Weird­est ques­tions asked of draftees

Weekend Herald - - KRIS SHANNON'S WORLD OF SPORT - How many ways could you use a brick in a minute? If you could kill some­one and not get caught, would you? If you were to die, which way would you want to go out?

A draft in any sport can be a bit of a crap­shoot. Some­times, can’t miss prospects — like Greg Oden ( No 1 over­all, 2007 NBA Draft) — do in fact miss. Other times, un­her­alded po­ten­tial pros — like Tom Brady ( No 199 over­all, 2000 NFL Draft) — even­tu­ally be­come the great­est play­ers of all time.

In other words, it’s hardly an ex­act science. But that doesn’t stop teams from at­tempt­ing to turn the draft­ing process into just that, treat­ing young prospects like lab rats in the weeks be­fore the big night.

Teams record every quan­tifi­able mea­sure­ment from these bud­ding ath­letes and, since that’s clearly not enough, also sub­ject them to ques­tions of phi­los­o­phy, psy­chol­ogy and, oc­ca­sion­ally, psy­chopa­thy.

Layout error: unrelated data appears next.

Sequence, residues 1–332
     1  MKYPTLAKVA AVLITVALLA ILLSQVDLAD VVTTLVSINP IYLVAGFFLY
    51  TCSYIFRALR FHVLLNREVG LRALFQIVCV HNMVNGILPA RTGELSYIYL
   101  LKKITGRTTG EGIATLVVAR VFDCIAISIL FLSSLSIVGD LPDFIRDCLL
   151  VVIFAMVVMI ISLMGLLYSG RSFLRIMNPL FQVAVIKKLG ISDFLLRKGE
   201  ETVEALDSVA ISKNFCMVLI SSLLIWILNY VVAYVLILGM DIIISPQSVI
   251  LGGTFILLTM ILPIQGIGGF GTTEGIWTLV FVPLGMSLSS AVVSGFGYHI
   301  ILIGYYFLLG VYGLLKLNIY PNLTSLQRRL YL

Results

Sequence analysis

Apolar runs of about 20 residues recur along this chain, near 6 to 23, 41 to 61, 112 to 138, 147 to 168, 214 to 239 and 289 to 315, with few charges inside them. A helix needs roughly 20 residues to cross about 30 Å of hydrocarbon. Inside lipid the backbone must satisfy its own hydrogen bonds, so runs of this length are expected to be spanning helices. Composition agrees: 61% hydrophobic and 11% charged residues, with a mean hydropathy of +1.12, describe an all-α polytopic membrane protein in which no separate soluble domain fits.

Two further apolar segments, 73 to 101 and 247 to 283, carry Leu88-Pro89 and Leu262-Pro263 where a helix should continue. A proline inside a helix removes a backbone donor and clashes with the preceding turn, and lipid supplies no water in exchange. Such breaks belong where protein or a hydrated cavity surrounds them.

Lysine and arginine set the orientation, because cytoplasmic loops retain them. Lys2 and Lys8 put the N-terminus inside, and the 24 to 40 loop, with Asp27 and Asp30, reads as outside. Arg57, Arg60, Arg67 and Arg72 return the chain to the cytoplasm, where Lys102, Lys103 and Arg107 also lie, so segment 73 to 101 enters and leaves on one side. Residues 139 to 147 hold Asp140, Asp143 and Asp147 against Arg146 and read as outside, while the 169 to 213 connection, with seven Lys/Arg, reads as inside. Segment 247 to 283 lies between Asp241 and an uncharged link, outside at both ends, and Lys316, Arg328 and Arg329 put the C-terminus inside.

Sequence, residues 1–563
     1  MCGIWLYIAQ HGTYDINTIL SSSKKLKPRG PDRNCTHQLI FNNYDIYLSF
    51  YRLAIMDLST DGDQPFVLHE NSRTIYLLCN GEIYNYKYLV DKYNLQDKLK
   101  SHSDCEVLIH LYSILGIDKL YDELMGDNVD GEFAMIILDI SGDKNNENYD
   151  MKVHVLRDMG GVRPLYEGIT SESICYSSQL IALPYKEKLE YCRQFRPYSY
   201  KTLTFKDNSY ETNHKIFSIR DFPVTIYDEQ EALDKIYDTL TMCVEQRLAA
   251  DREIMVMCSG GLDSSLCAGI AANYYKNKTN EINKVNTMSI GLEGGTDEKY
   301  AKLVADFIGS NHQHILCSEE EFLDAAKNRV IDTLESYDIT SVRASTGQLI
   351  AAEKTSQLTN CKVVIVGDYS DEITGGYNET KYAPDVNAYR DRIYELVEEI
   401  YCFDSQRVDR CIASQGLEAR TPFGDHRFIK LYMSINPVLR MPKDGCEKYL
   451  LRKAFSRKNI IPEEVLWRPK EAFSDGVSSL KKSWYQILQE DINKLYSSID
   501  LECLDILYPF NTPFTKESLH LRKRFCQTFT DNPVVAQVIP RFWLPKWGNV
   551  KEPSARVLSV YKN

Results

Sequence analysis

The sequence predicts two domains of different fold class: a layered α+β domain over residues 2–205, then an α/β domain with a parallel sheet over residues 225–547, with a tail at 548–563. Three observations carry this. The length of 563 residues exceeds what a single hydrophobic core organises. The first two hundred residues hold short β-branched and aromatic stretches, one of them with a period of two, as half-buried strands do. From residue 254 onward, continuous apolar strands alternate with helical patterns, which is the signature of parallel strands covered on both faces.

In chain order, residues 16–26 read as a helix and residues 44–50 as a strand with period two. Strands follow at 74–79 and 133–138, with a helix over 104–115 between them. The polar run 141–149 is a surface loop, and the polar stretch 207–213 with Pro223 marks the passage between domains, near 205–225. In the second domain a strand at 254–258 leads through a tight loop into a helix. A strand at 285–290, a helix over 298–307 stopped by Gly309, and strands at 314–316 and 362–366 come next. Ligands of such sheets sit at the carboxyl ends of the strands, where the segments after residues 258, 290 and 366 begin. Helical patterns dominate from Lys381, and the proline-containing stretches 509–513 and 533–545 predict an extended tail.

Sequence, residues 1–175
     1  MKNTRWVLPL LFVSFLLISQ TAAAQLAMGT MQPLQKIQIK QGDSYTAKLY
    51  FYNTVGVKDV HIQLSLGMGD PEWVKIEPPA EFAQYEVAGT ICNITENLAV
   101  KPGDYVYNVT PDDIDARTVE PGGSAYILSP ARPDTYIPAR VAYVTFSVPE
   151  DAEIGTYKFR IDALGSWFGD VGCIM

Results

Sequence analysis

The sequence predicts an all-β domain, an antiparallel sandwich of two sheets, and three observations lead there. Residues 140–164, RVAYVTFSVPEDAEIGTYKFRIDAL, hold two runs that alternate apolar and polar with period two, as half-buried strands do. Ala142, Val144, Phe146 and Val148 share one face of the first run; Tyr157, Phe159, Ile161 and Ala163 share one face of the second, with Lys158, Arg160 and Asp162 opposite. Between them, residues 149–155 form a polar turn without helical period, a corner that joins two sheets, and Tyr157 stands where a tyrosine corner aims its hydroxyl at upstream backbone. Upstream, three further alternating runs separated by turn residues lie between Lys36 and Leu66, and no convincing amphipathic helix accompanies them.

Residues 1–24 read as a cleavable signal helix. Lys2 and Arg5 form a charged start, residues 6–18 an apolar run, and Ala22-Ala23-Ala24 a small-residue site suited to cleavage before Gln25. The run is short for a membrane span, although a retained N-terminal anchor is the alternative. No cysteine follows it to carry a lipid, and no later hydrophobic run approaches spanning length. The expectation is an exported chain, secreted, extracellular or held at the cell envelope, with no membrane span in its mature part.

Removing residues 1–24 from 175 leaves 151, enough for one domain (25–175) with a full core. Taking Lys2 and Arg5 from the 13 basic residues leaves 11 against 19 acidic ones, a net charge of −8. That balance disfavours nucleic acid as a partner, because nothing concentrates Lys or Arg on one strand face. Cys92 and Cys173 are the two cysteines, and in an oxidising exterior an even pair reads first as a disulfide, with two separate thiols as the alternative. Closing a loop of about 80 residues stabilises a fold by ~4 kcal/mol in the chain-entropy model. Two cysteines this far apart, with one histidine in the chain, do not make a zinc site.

As we ap­proach next month’s NBA Draft, here are three of the strangest . . . That curly one was asked of Cincin­nati Ben­gals de­fen­sive end Chris Smith. And, set­ting aside its rel­e­vance to play­ing foot­ball, how many can you think of? There’s the ob­vi­ous, like build­ing stuff and hold­ing open doors. And, I guess, there’s the bar­baric uses, like killing some­one. Speak­ing of which . . . For­mer Jack­sonville Jaguars de­fen­sive end Austen Lane went on an amus­ing Twit­ter spree last year, re­veal­ing the worst ques­tions he had heard. In ad­di­tion to the dark query above, Lane was asked whether he wears box­ers or briefs, and whether he thought his mother was at­trac­tive. Death is clearly a pretty pop­u­lar topic. Kansas guard Frank Ma­son III, hop­ing to im­press NBA teams enough to be drafted next month, fielded that rather mor­bid in­quiry, opt­ing for the safe but bor­ing choice of ex­pir­ing in his sleep, pre­fer­ring to feel no pain. Which is a bit weak, re­ally. He’s clearly go­ing to be a bust.

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